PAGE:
Life of the party
Shared by Rodney McDaniel on 03/11/2017

I left home about the time Judy and Jack got married, so my encounters with Jack were during infrequent visits and usually at family gatherings.  Thus I can't reflect on mountain hikes and stuff like that.  What I do remember is that he filled whatever space he was in.  He had a presence about him, aided by a good voice, that made him the center of attention, when he wished to be.  We were both liberal Democrats so it was easy to talk the politics of the day, Jack always having strong opinions strongly voiced.  Occasionally the lawyer in him would come out and he would get into legal aspects of an issue.  I usually was coming from Washington so was expected to offer an "expert" point of view on issues, but Jack usually knew as much or more than I did and always had the last word.  Hard to think of him as gone.  

Dad
Shared by Jeanette Cosgrove on 03/09/2017

Throw cold water on Goldwater! is my earliest memory of Dad, teaching me how to splash in my first water fight. It must have been the 1964 Johnson v Goldwater election year. I was two years old and knew nothing of JFK or the grassy knoll but I was learning that words could rhyme. 

There are  strange things done in the midnight sun
by the men who moil for gold;
The arctic trails have their secret tales
That would make your blood run cold....

(Robert Service) 

Dad had a loud, sometimes booming voice, and an impressive memory for language. The quotes popped up on car rides and camping trips, everything from slogans to poetry, especially Shakespeare.

The quality of mercy is not strained.
It droppeth as the gentle rain from heaven
Upon the place beneath. It is twice blessed:
It blesseth him that gives and him that takes.

He was very energetic and very enthusiatic, and sometimes he moved his large frame around recklessly: you had to watch out for those flying elbows and knees. I eventually learned to speed walk to keep up with his long strides.  He was forgiving about my own recklessness and never got mad if we kids spilled stuff.

His favorite memory of my early years was my first hike: Dad and I sneaked into Foothill Park the back way and walked into Wild Horse Valley with me on his shoulders part of the way. He liked to recall in later years that I declared I wanted to go because "I've never seen a valley before!" We lived in Portola Valley at the time but I was picturing a green scoop in the land like two cupped hands as in my story book. I couldn't read yet.  I don't think we saw any horses but I was happy with the cows.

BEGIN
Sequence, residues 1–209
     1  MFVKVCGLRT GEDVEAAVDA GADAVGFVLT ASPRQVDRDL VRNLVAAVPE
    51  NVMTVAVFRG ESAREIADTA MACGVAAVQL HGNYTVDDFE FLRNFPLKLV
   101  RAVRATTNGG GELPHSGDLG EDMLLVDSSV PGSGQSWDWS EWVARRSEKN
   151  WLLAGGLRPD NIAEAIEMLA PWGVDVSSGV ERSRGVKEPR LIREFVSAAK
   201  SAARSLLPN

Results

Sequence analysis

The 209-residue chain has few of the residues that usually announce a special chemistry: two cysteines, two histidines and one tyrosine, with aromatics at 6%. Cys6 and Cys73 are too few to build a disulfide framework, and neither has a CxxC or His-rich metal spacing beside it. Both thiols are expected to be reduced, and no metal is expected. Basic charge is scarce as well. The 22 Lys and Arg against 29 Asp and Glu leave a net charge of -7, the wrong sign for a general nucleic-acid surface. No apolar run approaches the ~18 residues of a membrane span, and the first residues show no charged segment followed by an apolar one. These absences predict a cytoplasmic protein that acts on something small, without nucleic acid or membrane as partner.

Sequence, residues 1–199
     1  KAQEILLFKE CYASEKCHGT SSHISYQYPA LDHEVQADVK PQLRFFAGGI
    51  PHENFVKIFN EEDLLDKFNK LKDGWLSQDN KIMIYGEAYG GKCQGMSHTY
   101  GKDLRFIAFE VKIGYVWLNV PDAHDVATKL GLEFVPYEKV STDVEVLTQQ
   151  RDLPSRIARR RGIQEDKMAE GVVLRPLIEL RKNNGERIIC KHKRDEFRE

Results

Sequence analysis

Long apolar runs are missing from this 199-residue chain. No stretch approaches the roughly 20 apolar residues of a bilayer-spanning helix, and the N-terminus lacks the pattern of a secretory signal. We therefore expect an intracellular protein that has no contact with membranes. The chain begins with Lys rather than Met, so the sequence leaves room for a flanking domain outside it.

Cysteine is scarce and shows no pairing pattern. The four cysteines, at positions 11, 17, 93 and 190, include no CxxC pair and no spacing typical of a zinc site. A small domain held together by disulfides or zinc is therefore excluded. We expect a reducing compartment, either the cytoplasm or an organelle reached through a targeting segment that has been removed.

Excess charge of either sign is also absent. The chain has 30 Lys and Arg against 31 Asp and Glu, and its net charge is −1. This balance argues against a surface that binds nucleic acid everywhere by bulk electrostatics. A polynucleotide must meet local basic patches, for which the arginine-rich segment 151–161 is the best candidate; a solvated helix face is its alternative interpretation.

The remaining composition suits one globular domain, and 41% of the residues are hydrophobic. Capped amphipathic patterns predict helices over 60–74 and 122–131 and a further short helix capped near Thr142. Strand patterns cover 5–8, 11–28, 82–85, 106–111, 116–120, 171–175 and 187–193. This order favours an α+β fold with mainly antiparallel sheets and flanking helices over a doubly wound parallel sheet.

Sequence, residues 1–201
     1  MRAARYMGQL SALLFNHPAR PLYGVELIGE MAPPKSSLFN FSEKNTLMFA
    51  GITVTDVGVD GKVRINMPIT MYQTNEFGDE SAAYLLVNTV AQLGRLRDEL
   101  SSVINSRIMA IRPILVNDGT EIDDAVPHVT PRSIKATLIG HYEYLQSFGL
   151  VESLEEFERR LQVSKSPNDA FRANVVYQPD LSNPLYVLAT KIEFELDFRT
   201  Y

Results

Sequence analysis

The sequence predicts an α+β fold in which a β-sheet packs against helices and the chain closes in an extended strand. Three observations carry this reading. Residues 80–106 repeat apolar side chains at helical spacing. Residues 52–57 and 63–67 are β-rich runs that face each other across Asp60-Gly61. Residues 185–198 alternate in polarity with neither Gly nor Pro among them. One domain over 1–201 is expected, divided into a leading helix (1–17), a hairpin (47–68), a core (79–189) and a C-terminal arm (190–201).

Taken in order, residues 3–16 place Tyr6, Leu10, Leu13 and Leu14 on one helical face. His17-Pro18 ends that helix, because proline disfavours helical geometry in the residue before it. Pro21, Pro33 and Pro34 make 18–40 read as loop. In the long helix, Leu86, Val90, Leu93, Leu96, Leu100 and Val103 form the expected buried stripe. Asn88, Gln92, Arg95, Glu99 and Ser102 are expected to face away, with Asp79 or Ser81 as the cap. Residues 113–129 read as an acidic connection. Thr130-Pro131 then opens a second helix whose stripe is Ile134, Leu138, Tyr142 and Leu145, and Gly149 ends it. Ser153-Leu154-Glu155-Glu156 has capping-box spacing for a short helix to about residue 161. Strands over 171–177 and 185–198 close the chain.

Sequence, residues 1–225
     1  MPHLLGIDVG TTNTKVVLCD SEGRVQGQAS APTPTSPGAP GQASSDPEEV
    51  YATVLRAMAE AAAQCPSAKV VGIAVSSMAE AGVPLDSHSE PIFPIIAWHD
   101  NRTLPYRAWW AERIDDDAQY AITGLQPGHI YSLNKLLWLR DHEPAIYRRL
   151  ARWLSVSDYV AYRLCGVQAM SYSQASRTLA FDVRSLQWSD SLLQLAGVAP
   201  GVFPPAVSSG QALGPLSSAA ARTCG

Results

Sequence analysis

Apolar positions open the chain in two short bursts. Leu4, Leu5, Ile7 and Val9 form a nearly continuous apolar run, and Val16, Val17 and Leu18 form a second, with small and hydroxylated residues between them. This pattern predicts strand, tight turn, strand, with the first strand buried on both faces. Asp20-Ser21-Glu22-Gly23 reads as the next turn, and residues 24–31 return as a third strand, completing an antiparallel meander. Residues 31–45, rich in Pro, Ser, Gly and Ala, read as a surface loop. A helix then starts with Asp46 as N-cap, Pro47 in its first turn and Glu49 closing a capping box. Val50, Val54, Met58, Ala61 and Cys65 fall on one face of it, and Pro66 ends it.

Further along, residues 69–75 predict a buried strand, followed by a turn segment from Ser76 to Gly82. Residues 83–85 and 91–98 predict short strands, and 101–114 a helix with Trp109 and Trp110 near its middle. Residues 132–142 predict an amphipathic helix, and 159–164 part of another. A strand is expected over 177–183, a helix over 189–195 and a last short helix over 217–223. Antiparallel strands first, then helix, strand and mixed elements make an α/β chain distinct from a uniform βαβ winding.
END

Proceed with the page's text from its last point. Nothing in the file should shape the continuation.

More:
My first bike-riding "lesson" came along in preschool when Dad put me on the seat of his own bike, sized for his 6'2" frame, and ran down the steep driveway of our house on Golden Oak as if pushing a trike. I remember the speed, the fear, and wondering  "Is this really safe?"

And now the leather-covered sphere came hurtling through the air,
And Casey stood a-watching it in haughty grandeur there.
Close by the sturdy batsman the ball unheeded sped --
"That ain't my style" said Casey. "Strike one!" the umpire said.

He read many books to me and Russ at night, sometimes on airplanes: Robin Hood, Treasure Island, The Call of the Wild, Sherlock Holmes, The Hobbit and The Trilogy, and on and on.  All the classics of his own youth and comtemporary authors too. We would beg for more just one more chapter until his eyes gave out.

I remember his proud work on the successful effort to lower the voting age to 18 in the Vietnam era.

We the people, in order to form a more perfect union....

Four score and seven years ago our fathers brought forth upon this continent a new nation, conceived in liberty....

Nixon was Tricky Dicky.

Come, don't be shy with me, I'll have the whole FBI with me
down at the old Watergate....

I remember being off-trail-but-not-lost  in the Sierra, watching him stride across granite outcroppings on the way to Bud Lake in Yosemite. Scouting for the cairns that marked our trail. We found our way and got a geology lesson. If only I had inherited his memory for information of all kinds....